water quality

In response to recent news coverage about pharmaceuticals in U.S. municipal water systems and in some bottled water that comes from municipal sources, we’ve posted the complete text of our annual detailed water analysis, to provide full disclosure of the quality of Summit Spring Water. Even when rogue contaminants like pharmaceuticals don’t find their way into municipal water, a host of toxic chemicals like chlorine, chloramine, fluoride, and lye, to name only a few, are commonly and deliberately added to public drinking water supplies by law, as they are required to maintain chemical residuals that continue to disinfect the water while it sits in ancient pipes. Detergents, phosphates, and fertilizers from surface runoff are also not completely removed in the water-treatment processes.


Click here to view the Summit Spring Source 2015 Water Analysis »

The Age of Water and Nuclear Weapons

Water cannot be dated like fossils. Carbon dating doesn’t work, because water contains no carbon. It is interesting to see the myriad of claims by competitors talking about the age of their waters when no such technology exists, other than pure estimates and guesswork. Just more marketing blather to try and mislead the public.
One interesting and troubling way exists, however. The presence or absence of Tritium, Strontium 90, and also Cesium.
These are radioactive isotopes with a half-life of 28 years. (but allow detection in a medically significant amount-defined as able to cause cancer-out to 600 years) Where did these come from? In 1954, as part of Operation Castle, the largest nuclear bomb ever detonated by the United States took place on Bikini Atoll, Marshall Islands in the middle of the Pacific Ocean. “Bravo” was a hydrogen bomb 1,000 times more powerful than that of Hiroshima or Nagasaki. It was detonated on the surface of the coral reef in Bikinis’ Northwest corner. This explosion-far larger than scientists expected-caused a massive mushroom cloud, dispersed radioactive fallout for hundreds of miles and delivered these radioactive isotopes into the Earths’ atmosphere. Within a matter of weeks, all surface areas on Earth contained these isotopes. Every lake, river, stream, mountain, soil, trees and so on was contaminated through natural rainfall. They still exist to this day and recently with the explosions at Fukushima, Japan; even more radioactive contaminants were added to the atmosphere as well. Even in 1977 (nearly 25 years later, Strontium 90 levels in well water in Bikini Atoll still exceeded US limits). Summit Spring water is routinely tested for these isotopes which are easily detected with modern analysis techniques. None of these has ever been detected, proving positively that Summit Spring water has been protected deep underground since at least 1954, probably a millennium, but can only be verified to 1954. Even only 59 years ago, America and the world was a completely different place and man’s impact was not nearly what it is today. As we approach and quickly exceed 7 Billion people on Earth, adding a Billion every 10 years now, naturally pure water is becoming exceedingly rare indeed. Summit Spring water is actually one of the purest substances your body will ever come in contact with in your lifetime. Since water makes up 92% of our blood, building one’s bloodstream out of naturally pure water becomes increasingly critical as a foundation to good health. Not rocket science, just good old fashioned common sense.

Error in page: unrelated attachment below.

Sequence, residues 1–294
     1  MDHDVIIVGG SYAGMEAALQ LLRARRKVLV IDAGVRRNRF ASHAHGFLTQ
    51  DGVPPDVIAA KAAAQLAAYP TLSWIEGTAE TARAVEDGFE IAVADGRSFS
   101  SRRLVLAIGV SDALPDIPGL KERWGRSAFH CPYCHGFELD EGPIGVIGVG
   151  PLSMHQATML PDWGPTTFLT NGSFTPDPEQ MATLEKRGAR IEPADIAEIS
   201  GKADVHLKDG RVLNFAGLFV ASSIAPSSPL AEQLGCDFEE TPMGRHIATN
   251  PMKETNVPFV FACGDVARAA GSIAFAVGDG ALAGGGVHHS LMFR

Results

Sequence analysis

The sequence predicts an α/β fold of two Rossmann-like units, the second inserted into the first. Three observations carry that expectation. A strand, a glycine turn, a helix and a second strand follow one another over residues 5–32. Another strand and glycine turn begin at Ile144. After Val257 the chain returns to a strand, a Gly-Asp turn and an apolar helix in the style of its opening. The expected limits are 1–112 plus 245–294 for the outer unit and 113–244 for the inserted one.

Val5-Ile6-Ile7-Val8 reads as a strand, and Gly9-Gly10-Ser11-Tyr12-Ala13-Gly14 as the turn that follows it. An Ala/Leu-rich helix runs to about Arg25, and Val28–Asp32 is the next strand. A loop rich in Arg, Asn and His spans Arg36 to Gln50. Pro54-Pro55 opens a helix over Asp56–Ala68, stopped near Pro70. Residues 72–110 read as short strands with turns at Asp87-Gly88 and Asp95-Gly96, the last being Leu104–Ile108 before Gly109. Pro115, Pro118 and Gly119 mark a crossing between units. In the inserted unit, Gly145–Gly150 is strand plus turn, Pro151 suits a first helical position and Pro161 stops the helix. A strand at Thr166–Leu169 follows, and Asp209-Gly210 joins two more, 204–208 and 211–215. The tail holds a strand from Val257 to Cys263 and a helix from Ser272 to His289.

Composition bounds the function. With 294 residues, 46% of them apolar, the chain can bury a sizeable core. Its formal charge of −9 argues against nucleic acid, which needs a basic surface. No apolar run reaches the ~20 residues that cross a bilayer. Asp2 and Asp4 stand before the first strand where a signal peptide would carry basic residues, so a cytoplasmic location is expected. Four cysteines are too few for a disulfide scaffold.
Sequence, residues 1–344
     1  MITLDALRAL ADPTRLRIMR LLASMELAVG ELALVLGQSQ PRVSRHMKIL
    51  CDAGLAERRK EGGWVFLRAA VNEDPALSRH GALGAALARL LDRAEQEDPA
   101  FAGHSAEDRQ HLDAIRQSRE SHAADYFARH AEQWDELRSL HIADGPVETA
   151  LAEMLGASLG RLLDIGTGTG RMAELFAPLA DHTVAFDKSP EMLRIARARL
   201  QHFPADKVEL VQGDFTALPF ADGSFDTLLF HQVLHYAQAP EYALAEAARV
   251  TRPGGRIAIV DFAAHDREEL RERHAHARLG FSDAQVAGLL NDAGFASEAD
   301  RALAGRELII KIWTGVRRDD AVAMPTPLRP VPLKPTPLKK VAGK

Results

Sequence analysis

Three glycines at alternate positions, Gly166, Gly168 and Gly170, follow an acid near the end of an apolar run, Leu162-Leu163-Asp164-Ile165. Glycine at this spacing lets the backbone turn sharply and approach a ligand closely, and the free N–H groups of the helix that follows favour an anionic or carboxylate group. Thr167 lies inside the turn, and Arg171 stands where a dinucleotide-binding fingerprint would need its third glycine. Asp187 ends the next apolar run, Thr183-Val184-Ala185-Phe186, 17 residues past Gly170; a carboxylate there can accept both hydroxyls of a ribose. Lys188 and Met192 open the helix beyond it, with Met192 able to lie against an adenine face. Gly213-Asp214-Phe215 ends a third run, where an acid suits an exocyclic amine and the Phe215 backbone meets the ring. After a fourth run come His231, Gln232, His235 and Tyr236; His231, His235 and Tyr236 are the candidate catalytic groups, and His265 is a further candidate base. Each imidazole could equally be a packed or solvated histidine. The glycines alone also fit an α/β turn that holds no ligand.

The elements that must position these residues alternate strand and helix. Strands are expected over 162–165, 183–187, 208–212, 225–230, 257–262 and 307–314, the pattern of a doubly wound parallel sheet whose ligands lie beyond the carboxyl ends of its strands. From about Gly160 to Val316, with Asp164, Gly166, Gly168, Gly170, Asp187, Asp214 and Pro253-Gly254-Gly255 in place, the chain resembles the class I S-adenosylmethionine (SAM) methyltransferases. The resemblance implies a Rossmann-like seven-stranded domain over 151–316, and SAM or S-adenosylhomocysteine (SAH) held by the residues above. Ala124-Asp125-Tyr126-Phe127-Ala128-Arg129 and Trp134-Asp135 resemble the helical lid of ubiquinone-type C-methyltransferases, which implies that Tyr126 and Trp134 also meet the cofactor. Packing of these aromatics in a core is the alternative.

We’ve always posted a summary analysis on this site, but to fully demonstrate our commitment to absolute transparency, we’re now providing complete details for anyone who wants to know precisely what they’re putting in their bodies.

Summit Spring Water’s Purity—True and Completely Transparent

Our motto is “You Should Know Where Your Water Comes From,” and in that spirit, we’re laying our cards on the table; because frankly, the closer you look at Summit Spring Water, the better we look. These reports are results from seven independent labs that collectively test for nearly 200 substances—more than twice the number required to be tested for by either the Environmental Protection Agency (EPA) or the Food and Drug Administration (FDA). Summit Spring Water spends nearly $10,000 each year to maintain this level of water-quality testing, far exceeding the EPA’s standards for public drinking water and the FDA’s standards for bottled water.